Client: The London Borough of Wandsworth
Status: Competition (2012) Project (2013) On going
Location: London, United Kingdom
Climate: Oceanic / maritime, Temperate
Materials: Concrete, Ceramic
Scale: 16.980 ㎡ Large
Types: Housing, Residential
The site is located in the south west corner of the 4.8 hectare Colville Estate, a housing development built in the 1950s in Hackney, east London. Colville Towers will replace Harwood Court, the tallest building on the existing site, with Regent’s Canal to its north and Shoreditch Park to its south. The project is part of the Hackney Council Estate Regeneration Team’s programme of redevelopment across the borough.
The Council aims to build around 2500 new homes over the next 10 years. Karakusevic Carson Architects were originally commissioned to work with the Council and the Colville Estate Tenants and Residents Association (CETRA) to develop a comprehensive masterplan, which was adopted in 2011. The following year, David Chipperfield Architects in collaboration with Karakusevic Carson Architects won a competition to design two residential towers intended for private sale to help fund the redevelopment of the estate as a whole.
Two towers, 16 and 20 storeys respectively, sit on either side of a gentle hill surrounded by informal clusters of trees framing views to the park and the surrounding landscape. Varying in height and orientation, each tower has a distinct identity further reinforced by a different tonality.
The hexagonal form optimises views, light, and ventilation, offering each of the 198 apartments a corner living room and a balcony. The ground floor remains relatively permeable with a café located in one of the towers and a car park entry in the other. The residential floors have a concentric arrangement with living spaces and bedrooms in the outer zone, taking advantage of windows and balconies. The ancillary spaces (kitchens and bathrooms) are positioned around the central cores, in which the lifts and entrances are found.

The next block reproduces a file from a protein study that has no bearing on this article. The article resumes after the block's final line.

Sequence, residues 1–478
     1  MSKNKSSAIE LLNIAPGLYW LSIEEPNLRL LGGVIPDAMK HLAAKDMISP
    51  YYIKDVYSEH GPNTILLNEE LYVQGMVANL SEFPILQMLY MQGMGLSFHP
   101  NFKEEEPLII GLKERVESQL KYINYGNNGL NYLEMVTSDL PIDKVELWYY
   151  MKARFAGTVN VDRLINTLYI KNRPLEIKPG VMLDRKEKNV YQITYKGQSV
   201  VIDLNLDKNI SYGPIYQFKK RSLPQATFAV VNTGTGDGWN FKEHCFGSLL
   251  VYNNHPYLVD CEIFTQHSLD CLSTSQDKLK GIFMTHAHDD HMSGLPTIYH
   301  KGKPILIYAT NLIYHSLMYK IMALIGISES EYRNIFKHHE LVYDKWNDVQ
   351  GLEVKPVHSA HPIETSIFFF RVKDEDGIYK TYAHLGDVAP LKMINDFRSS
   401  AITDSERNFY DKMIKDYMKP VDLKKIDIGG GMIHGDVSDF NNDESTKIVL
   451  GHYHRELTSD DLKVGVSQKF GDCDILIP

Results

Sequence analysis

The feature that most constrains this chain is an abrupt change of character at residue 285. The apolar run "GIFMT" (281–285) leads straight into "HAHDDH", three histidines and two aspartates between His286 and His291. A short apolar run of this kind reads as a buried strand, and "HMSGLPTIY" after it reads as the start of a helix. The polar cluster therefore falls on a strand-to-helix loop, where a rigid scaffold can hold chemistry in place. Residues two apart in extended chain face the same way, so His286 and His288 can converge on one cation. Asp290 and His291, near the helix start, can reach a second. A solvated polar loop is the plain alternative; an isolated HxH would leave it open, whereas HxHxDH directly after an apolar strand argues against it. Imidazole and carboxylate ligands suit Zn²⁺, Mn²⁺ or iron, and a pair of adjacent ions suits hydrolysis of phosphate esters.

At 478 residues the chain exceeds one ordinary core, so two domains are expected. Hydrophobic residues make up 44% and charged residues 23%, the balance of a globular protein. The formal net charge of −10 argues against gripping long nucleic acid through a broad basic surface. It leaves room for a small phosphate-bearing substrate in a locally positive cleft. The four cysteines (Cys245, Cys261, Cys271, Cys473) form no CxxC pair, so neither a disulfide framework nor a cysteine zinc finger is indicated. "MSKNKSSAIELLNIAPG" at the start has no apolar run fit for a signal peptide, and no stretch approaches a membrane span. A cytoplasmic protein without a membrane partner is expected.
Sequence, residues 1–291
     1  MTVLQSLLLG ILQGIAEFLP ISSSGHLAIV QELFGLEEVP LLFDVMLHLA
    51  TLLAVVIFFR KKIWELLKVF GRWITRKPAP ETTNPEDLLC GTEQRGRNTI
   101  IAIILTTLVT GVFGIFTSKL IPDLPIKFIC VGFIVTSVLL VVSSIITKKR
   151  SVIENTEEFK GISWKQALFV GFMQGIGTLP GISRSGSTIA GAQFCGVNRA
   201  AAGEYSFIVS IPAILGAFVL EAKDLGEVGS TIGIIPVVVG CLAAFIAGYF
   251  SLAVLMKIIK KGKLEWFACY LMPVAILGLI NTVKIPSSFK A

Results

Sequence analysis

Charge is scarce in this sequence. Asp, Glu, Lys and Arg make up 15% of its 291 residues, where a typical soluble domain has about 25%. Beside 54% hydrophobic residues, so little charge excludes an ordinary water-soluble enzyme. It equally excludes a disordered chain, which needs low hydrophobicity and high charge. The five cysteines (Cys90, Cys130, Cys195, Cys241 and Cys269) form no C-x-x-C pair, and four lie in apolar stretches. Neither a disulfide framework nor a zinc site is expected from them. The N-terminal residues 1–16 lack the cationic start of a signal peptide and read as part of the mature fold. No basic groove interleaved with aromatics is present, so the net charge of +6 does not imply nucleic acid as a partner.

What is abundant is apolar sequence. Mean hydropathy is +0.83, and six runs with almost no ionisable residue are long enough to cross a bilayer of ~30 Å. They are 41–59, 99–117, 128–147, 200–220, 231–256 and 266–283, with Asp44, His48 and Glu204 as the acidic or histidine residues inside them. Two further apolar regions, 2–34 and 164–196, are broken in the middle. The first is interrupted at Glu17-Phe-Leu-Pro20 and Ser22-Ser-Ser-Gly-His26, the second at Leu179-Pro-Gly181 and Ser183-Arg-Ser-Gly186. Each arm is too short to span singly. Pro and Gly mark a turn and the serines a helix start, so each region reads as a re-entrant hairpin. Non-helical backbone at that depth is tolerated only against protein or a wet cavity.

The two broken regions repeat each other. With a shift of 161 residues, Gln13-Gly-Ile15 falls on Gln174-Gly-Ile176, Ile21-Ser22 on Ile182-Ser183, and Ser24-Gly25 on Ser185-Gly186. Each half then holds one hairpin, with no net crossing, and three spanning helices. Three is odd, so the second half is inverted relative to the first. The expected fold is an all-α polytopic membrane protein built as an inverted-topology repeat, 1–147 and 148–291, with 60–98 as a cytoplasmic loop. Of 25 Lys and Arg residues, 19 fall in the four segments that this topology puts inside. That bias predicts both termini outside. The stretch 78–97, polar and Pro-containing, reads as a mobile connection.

Each typical floor plate consists of six apartments, and the structural frame facilitates column-free corners and unobstructed views. Balconies are formed by extending the volume on alternate façades and connect to the living spaces, while all bedrooms are arranged, according to the size of the apartments, along the balcony-free façades.
The structural frame of the building is made of in-situ concrete and the floor plates have been provided with upstands, reducing the depth of the slabs thus creating generous floor-to-ceiling heights (2750mm). The towers are clad with handmade bricks set in a stack bond, alluding to their non-loadbearing character. Each tower uses a different colour brick with a colour-matched mortar; a blue/grey tonality for the western tower, and a red tonality for the eastern one.
As the site forms an important link between Shoreditch Park and the Colville neighbourhood, a single surface material underlines its permeability, devoid of fixed paths or walkways. This cobbled ‘carpet’ also covers the artificial hill between both towers. It is interspersed with loose clusters of trees and enters the towers creating a seamless transition between exterior and interior. The ground floor interiors, enclosed by 5 metre vaults with minimal glazing, are singular, flexible and light-filled spaces.
These are effectively vaulted soffits between the core and the first floor slabs. In materiality, the exterior façades of the towers appear as a continuum of the vaults and the nine supporting columns at the base of the building.